There’s a saying in business: bad cash flow sinks more companies than weak order books - and it’s as true today as ever.
Cash flow supports everything from everyday operations, to investment in equipment and technology, to shareholder dividends and loan repayments. Quite simply, without adequate cash flow, your business can’t function.
But cash flow is vulnerable on many fronts, so in this short piece we take a look at what the threats are, and give you some hints and tips on how to avoid them.
Seasonal slowdowns and late payments
As it’s that time of year, consider the effects of the summer holiday season on your cashflow: typically, reduced demand for what you sell, reduced sales income, and slower payment cycles.
The latter – like all late payments – can be a grade-A cash flow killer, but there’s a number of things you can do to reduce the risk.
Try introducing a small discount in return for early payment, for example – that way, you may get your cash beforeyour payer disappears on holiday, and in a more timely fashion over the rest of the year!
Make it easier for customers to pay with multiple, flexible payment methods. These include debit and credit cards, PayPal, with its favourable payment schedules, and Direct Debit for products or services you can feasibly sell on a monthly payment or indeed subscription basis.
There are transaction costs for all these methods apart from Direct Debit, but their ability to accelerate buyer payment – and even increase expenditure - is well documented.
Non-payers – a risky business
Of course, those customers who don’t pay at all are the riskiest for your cash flow.
It can be difficult to establish customers’ precise payment history and creditworthiness, but you can at least look the business up on Companies House to make sure it’s legitimate, its finances are in order, and it’s not facing its own cash flow problems.
Your accountant can help you do some of the digging around this, and furnish you with a reliable opinion on whether it’s prudent to proceed.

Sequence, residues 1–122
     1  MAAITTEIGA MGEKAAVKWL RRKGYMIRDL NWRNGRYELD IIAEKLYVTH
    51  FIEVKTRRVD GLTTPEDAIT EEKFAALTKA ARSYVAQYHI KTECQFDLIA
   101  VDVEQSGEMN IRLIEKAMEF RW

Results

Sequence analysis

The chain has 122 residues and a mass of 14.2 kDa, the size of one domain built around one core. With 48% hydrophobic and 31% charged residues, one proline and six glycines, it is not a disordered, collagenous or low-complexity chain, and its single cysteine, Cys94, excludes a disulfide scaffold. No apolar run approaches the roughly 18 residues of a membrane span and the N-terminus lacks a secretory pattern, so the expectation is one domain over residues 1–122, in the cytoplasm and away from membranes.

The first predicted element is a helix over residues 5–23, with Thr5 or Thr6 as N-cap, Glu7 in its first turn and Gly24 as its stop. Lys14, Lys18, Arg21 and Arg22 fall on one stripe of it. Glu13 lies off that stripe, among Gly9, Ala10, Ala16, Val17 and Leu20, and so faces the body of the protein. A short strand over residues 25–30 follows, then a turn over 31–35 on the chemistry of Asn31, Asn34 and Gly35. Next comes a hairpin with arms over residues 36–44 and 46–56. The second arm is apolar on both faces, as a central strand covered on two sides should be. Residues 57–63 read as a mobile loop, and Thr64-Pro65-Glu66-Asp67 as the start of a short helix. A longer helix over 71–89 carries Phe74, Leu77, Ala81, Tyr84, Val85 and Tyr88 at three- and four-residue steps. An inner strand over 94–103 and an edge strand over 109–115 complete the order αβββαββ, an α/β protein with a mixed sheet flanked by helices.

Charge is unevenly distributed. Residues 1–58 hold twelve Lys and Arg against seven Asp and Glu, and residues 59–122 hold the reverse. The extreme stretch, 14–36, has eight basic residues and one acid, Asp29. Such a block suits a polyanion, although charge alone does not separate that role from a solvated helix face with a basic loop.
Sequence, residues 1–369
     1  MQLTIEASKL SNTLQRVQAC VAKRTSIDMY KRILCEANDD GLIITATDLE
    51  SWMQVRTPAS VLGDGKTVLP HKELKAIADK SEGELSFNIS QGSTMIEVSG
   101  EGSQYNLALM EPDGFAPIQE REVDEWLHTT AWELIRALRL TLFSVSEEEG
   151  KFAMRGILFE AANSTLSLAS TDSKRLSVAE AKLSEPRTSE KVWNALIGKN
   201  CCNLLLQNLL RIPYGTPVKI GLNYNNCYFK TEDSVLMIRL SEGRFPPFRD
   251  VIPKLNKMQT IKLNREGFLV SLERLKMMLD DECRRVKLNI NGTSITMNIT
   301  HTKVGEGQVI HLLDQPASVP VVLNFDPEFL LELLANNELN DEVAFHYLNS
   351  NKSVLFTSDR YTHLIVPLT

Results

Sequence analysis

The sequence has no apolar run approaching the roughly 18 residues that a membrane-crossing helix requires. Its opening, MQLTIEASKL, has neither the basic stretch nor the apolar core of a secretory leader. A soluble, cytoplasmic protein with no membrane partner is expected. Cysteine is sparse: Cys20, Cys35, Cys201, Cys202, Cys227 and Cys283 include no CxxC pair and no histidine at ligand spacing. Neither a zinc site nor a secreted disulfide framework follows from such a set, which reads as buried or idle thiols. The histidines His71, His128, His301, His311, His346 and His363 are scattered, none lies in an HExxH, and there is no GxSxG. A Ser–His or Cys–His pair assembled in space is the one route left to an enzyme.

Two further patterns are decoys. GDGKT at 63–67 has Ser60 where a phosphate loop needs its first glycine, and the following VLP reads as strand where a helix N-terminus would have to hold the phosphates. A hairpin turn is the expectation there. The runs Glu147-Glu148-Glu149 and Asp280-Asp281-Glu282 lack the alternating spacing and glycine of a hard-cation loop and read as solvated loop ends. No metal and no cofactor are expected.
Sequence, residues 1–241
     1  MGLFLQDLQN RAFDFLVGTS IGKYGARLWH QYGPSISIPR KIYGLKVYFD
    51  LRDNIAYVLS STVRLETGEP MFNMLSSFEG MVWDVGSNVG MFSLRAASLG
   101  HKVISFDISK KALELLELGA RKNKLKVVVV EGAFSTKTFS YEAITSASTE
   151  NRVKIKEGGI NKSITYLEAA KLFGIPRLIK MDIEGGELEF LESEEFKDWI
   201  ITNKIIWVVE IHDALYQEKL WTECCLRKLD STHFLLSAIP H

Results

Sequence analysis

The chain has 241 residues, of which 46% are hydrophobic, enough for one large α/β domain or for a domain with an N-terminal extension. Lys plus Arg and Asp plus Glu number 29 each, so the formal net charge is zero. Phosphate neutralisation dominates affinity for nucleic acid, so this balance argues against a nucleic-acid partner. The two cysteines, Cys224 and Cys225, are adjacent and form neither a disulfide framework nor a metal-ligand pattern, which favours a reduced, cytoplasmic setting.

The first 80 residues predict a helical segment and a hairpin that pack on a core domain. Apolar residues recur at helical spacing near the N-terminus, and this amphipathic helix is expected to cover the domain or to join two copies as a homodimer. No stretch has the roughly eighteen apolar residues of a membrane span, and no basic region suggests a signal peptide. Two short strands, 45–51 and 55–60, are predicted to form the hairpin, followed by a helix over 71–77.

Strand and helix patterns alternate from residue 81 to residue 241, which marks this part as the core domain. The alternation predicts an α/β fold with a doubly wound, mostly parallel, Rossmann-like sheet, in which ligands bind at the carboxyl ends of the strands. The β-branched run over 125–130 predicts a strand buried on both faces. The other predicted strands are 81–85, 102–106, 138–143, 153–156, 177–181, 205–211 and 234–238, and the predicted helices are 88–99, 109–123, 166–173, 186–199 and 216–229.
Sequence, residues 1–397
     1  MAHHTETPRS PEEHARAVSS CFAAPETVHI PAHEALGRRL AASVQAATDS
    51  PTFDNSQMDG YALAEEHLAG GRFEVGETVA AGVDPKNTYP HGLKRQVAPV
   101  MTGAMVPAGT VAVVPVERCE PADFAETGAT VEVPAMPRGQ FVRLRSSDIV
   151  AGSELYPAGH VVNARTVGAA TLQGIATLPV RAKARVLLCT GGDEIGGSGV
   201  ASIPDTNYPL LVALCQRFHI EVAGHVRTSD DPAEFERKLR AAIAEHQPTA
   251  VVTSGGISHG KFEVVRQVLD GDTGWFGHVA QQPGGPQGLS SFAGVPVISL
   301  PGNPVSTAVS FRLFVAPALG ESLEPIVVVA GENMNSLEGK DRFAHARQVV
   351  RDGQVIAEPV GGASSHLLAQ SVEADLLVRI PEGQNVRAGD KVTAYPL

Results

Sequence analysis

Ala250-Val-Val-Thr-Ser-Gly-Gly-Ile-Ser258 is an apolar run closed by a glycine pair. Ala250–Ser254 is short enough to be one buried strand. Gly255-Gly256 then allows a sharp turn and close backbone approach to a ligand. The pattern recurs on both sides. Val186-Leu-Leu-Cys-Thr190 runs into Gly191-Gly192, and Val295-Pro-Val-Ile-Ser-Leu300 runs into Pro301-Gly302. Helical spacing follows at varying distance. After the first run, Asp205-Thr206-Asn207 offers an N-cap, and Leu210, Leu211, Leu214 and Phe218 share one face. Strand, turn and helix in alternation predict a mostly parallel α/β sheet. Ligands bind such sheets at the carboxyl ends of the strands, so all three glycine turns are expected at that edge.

Weak invoicing and collection
If your invoicing, reminder, and collection processes are less than prompt, cost-of-sales starts to bite into your cashflow.
Consider using software to automate invoicing the instant the sale is closed, track payments, and send reminders – without costly manual intervention from you or your teams.
Do always make sure you agree payment terms with your customer first, on a written contract. Without this, it’s much more difficult to chase payments or pursue them legally.
And on the topic of chasing, credit control can be a hugely time-consuming task, so consider bringing in someone to look after this for you. (We offer this service through the Chamber, and it can pay for itself, and then some).
Join us to get cash flow help
This article isn’t a cure-all for your cash flow woes, but it gives you some watchouts to support you through cash-strapped times. And here at the Chamber, supporting businesses is what we’re all about.
From networking events, to Member2Member special offers, to our targeted Meet the Buyer programme, we’re here to enable local businesses to build the relationships that help them sell and buy effectively.
And with experts in every field imaginable in our membership – and yes, cash flow and accounting are amongst them! – plus webinars, workshops, and online learning resources, whatever’s causing you a problem, or indeed heralding an opportunity, you can rely on us to help.
For more information on how to become a member, please visit www.chamber-business.com or call our friendly team on 01582 522448.